Dig Dug
Components: Dig Dug, Monsters, Pookas and Fygars, multi-colored ground.
Skills required / taught: Planning, tactics
Object: Eliminate underground-dwelling monsters

About the Game

Dig Dug is an arcade game released by Namco in 1982. A popular game based on a simple concept, it has also been released as a video game on many consoles.

How it Works
The objective of Dig Dug is to eliminate underground-dwelling monsters. This can be done by inflating them until they pop or by dropping rocks on them. There are two kinds of enemies in the game: Pookas, round red monsters wearing yellow goggles, and Fygars, green dragons who can breathe fire. The player, Dig Dug, is killed if caught by either Pooka or Fygar, burned by a Fygar's fire, or crushed by a rock.

Thought Bubble
Variable Scoring – Accomplishing the same task in Dig Dug can earn the player a different number of points depending on where and how it is done. The Fygars who only breathe flames horizontally grant the player less points if inflated from a vertical position as opposed to a more dangerous horizontal approach and defeating a monster deeper in a deeper colored level grants more points as well. Crushing enemies with rocks not only grants more points than inflating an enemy, but repeatedly crushing with a rock earns the player even more points. How might your game earn the player bonus points by performing difficult or dangerous maneuvers? Perhaps a multiplier for enemies defeated within a short time span, a shorter ranged weapon which earns more points, or extra points for guiding a craft through a narrow passageway…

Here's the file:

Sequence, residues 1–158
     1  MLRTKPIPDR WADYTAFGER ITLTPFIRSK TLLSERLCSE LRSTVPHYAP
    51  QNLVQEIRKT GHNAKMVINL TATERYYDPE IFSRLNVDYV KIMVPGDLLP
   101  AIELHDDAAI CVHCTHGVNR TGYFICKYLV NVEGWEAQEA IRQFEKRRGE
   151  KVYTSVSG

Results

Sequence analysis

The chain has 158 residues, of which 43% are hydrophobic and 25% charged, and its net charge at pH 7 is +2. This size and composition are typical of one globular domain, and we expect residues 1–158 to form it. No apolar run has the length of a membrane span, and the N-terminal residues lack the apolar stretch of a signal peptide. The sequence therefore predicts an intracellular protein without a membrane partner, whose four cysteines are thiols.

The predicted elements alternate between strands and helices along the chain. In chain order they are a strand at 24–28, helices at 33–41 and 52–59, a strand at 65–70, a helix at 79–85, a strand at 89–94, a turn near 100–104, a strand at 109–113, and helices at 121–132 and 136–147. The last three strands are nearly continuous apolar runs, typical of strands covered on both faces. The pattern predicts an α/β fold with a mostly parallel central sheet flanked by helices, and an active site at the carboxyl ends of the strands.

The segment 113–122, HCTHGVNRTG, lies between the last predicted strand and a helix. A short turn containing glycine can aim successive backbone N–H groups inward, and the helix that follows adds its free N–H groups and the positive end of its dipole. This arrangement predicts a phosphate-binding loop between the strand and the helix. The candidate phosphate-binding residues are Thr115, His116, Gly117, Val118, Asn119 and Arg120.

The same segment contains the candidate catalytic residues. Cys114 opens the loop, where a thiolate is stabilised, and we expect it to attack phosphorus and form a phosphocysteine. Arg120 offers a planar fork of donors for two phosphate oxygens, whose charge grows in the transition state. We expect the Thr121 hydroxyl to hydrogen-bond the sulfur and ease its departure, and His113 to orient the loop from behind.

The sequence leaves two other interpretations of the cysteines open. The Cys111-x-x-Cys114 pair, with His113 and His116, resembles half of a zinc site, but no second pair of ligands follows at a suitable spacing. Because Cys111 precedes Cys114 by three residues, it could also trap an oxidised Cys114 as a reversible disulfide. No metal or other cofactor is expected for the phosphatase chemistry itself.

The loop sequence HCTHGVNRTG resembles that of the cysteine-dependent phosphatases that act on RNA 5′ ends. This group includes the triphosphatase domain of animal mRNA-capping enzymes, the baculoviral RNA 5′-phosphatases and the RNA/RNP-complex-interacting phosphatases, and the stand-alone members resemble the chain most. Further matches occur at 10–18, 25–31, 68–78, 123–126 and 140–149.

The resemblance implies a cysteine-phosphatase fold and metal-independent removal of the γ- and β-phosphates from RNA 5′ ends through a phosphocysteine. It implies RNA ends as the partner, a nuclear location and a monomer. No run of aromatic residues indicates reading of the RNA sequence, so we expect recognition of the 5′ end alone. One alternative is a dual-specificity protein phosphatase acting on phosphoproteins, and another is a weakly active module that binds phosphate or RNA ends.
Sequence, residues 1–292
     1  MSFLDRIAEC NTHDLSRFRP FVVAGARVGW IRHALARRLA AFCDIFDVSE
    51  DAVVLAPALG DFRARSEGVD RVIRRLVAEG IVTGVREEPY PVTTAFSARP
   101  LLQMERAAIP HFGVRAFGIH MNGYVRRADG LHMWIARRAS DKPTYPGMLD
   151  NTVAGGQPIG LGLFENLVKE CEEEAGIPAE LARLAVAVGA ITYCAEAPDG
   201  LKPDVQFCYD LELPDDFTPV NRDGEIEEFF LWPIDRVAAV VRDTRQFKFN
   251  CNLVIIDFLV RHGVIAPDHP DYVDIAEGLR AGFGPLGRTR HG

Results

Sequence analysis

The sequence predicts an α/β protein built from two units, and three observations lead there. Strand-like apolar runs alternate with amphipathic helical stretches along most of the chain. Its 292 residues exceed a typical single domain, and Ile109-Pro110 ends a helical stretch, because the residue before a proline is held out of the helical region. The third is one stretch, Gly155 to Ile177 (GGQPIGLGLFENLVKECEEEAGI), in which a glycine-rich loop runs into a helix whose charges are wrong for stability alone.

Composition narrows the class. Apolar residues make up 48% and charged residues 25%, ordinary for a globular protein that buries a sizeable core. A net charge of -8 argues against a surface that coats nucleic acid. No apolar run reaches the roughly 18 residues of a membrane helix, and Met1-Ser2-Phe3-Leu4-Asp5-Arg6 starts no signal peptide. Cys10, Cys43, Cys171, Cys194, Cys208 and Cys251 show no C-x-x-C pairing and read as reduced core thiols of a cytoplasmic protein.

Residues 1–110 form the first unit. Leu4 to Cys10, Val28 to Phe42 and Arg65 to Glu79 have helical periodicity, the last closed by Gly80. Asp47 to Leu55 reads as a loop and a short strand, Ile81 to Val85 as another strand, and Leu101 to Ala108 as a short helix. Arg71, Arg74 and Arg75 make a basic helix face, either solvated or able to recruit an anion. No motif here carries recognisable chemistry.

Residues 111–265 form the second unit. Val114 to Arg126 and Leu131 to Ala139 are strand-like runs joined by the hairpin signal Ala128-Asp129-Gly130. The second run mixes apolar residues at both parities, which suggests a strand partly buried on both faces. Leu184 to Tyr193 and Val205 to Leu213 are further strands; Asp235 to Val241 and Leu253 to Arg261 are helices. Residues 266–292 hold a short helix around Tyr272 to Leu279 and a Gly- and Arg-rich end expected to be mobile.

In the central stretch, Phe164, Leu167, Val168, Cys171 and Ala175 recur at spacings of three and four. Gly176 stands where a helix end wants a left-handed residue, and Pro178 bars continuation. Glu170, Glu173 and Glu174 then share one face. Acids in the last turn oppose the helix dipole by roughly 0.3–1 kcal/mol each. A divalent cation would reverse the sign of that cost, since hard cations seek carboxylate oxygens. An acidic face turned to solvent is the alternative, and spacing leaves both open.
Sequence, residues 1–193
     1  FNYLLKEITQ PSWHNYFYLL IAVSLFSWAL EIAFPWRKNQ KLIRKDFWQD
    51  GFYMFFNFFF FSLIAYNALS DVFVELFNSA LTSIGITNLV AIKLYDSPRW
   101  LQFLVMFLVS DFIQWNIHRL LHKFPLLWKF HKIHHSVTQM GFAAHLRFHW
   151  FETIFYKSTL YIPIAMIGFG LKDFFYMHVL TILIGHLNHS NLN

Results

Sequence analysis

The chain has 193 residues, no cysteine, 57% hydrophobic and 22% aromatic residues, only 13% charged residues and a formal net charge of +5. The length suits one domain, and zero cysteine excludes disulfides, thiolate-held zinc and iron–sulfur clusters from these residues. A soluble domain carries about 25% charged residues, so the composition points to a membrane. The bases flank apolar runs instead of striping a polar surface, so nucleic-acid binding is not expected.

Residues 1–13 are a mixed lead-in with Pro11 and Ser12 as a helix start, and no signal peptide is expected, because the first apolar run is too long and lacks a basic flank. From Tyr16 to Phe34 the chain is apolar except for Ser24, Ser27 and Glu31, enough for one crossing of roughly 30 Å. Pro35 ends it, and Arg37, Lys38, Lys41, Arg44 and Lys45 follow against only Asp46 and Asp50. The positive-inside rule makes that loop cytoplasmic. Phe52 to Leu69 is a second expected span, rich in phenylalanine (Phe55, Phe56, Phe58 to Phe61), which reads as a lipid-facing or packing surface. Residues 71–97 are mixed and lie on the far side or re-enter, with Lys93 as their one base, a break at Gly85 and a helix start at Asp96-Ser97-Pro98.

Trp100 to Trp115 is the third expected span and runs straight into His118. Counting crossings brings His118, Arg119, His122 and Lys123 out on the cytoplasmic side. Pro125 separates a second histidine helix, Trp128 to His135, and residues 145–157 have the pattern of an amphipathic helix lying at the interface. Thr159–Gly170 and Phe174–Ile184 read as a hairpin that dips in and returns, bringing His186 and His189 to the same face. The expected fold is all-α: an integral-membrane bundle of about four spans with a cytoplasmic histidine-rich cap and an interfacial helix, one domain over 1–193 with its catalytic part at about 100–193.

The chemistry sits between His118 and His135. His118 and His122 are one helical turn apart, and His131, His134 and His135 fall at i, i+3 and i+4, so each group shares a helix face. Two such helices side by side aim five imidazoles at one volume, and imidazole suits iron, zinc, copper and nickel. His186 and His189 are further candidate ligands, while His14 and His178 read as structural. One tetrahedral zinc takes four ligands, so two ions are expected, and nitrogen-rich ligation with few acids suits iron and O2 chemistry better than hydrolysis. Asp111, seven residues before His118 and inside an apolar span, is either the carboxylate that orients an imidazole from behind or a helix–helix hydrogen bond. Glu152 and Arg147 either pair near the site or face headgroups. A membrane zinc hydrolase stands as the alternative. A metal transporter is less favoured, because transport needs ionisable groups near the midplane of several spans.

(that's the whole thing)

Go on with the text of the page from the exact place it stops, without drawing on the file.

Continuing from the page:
Difficulty scaling – As the player progresses in levels the monsters get faster and more numerous. What other ways might you gradually increase the difficulty of your game? More enemies would certainly make things harder as well as making them faster, have a greater range for their attacks, or a more improved AI so they less easily walk into traps; or adding new monsters to give the players something new to face.

Fight of Flight – When only one enemy remains, it will attempt to escape. Such behaviors mimic animal behavior and can make a game seem more real. What other natural elements might you add to a game to make it seem more real? Perhaps if the monsters can ‘hear’ when the player uses his weapon, a vehicle’s brakes taking time to stop the vehicle, or moving slower across rock or shallow water…